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How to Revitalize Hawaii’s Economy – Extended Version

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Belsby: I find it interesting that in my prior career I did a lot of consulting work with Chicago School District, San Francisco and Los Angeles school districts, and what I found out is that the larger they got, the less efficient they became. Their precept was that there would be cost savings but larger than that, but of course the bureaucracy that was created offset any cost savings that were ever achieved and so I think to some degree on a smaller scale, we’ve also realized that issue here in Hawaii. There was a corollary in the old Soviet Union on the agricultural collectives with the small plots of land that were given to the citizens were something like 10 times more productive than was realized in the larger collective. So I think that is very instructive that it takes a village to raise a child, not the state. And I think the more that we can migrate to that village model the better off we’ll be. Because I think it’s very simple to where people in our own community when they feel they own those facilities or that infrastructure are going to take a more active role. I don’t blame the state for the educational problems. It’s us as parents. We have given, abdicated our roles as educators of our children to the state, but I think part of the problem is that even with this Athenian form of democracy that we have here in Hawaii where you can go down to Legislature, anybody can go make an appointment with Carol Fukunaga tomorrow, whether a large landowner or whether you’re a plumber and Carol will sit down and patiently talk with you. I’ve seen her do it. It’s a wonderful thing. I don’t think anybody has that same feeling with the Department of Education (laughter).

Petranik: What a great analogy! In our May issue, we looked at what many agree is the best school system in North America, in Edmonton, Alberta. We talked with the man who created that system, Mike Strembitsky. The state DOE actually consulted with Strembitsky early in this decade, though his reforms were never institutionalized here. One of Edmonton’s innovations was turning each school into an independent entity and students could go to any school that had space for them. So you have schools competing for students, you break down the giant bureaucracy of the central office. That means you can have a school that becomes a travel academy, another becomes a tech school, and another a trade school or an ag school. That specialization can’t happen when every school is trying to be everything for everybody.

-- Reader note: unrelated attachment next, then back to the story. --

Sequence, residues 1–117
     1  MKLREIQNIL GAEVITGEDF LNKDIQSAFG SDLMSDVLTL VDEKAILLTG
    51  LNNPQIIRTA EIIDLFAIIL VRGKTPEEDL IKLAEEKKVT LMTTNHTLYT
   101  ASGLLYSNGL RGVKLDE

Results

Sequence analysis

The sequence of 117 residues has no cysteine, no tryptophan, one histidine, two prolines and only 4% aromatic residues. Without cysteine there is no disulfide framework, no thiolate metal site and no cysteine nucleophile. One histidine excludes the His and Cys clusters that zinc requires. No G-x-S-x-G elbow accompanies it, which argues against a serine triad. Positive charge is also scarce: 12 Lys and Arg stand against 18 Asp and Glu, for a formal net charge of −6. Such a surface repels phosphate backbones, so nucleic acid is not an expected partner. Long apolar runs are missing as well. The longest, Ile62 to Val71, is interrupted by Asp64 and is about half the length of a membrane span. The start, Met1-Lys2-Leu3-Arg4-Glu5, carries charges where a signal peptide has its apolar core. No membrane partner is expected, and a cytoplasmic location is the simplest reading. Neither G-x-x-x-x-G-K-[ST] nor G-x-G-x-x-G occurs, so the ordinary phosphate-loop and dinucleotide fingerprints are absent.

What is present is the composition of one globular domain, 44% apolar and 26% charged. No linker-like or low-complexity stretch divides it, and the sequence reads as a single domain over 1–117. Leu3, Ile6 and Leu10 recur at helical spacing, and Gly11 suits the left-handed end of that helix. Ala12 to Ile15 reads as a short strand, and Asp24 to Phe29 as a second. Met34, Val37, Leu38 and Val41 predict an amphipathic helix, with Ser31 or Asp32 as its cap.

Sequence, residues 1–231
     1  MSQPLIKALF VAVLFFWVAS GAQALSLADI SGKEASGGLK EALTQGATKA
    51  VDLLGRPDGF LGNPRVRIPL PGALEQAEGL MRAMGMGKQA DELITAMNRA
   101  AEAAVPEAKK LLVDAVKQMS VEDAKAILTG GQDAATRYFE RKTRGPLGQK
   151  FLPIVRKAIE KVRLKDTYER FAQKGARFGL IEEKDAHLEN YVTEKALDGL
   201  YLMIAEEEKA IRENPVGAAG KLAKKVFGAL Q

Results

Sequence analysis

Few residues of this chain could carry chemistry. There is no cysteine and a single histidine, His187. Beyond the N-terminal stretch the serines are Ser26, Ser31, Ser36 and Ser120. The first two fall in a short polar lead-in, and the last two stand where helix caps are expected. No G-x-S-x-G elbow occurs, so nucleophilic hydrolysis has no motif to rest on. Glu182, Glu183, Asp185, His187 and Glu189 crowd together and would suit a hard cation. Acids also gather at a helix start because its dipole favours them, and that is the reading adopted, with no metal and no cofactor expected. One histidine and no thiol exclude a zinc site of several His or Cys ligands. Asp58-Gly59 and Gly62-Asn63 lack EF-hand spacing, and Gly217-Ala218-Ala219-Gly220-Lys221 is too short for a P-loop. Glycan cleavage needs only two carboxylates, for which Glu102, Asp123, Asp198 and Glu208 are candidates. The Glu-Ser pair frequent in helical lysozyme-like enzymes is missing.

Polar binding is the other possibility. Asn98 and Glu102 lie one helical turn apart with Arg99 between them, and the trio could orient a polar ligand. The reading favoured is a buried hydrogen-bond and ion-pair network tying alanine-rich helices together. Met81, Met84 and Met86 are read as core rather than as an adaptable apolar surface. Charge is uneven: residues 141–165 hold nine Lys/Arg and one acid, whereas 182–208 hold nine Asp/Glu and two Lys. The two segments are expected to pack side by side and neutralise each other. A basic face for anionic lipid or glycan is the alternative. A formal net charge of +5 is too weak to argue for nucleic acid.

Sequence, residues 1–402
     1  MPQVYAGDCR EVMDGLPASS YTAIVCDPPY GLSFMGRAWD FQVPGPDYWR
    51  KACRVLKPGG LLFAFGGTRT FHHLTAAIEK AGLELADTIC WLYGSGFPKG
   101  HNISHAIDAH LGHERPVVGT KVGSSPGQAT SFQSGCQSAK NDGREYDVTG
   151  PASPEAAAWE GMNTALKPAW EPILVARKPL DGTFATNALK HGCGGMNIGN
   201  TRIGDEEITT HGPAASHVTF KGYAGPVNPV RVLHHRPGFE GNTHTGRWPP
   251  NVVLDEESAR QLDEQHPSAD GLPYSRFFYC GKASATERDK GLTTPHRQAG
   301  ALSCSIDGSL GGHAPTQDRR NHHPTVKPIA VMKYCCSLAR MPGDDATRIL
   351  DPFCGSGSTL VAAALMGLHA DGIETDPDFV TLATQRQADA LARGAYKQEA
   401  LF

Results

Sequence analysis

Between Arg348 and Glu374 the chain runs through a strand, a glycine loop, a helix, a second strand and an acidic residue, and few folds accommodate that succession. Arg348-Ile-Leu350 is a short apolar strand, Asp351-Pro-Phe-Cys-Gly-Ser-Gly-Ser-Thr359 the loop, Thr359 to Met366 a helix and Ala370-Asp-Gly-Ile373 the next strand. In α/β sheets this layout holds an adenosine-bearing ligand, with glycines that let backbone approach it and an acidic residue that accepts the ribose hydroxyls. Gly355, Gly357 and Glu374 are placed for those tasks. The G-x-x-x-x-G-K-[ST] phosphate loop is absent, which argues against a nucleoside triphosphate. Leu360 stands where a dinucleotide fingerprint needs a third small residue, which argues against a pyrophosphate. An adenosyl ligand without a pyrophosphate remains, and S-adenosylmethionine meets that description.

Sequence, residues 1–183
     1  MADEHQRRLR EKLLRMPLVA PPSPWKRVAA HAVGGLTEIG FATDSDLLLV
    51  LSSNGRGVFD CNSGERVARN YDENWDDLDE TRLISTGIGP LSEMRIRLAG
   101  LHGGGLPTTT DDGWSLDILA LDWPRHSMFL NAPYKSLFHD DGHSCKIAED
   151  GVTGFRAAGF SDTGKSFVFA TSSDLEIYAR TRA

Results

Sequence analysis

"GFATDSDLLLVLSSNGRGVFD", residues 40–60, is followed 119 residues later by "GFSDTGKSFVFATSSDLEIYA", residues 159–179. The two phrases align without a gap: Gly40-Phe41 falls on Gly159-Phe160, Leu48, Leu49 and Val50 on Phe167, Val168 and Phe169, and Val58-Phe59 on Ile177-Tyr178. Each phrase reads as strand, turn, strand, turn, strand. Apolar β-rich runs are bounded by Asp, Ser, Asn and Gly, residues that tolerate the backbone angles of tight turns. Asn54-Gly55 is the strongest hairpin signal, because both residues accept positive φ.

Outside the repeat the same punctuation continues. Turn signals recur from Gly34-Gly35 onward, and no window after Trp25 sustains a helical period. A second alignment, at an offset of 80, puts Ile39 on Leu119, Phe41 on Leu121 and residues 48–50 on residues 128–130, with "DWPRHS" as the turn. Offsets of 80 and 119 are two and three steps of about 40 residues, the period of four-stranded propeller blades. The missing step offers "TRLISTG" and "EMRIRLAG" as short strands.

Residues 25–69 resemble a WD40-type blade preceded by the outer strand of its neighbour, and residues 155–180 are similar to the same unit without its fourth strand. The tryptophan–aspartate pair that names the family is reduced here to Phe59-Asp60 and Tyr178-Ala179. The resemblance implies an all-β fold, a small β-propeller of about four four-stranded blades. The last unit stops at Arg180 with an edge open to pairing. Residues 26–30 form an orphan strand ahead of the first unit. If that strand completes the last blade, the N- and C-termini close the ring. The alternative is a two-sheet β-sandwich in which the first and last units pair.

Fukunaga:  I’ve advocated that for a long time. When you talk about not having enough schools facilities and we’re always in a backlogged situation for repair and maintenance, one of the things that we had proposed years ago is to allow schools to compete for students. If parents, who have to work in town, were able to choose different schools to take their children to, it would sort of slow down the rate at which we had to build new schools. In Kapolei, parents drop off their kids at the elementary school at 6 o’clock in the morning because they have to commute, so then you have to have a before-school program. Wouldn’t it be much more efficient to look for under-utilized schools and offer parents an opportunity to take their children wherever they want them and that would then encourage schools to sort of compete because then the dollars follow the child. If we could introduce competition that could be very healthy and it could lead to a tech school here, a construction academy there, and you really would see a change in behavior.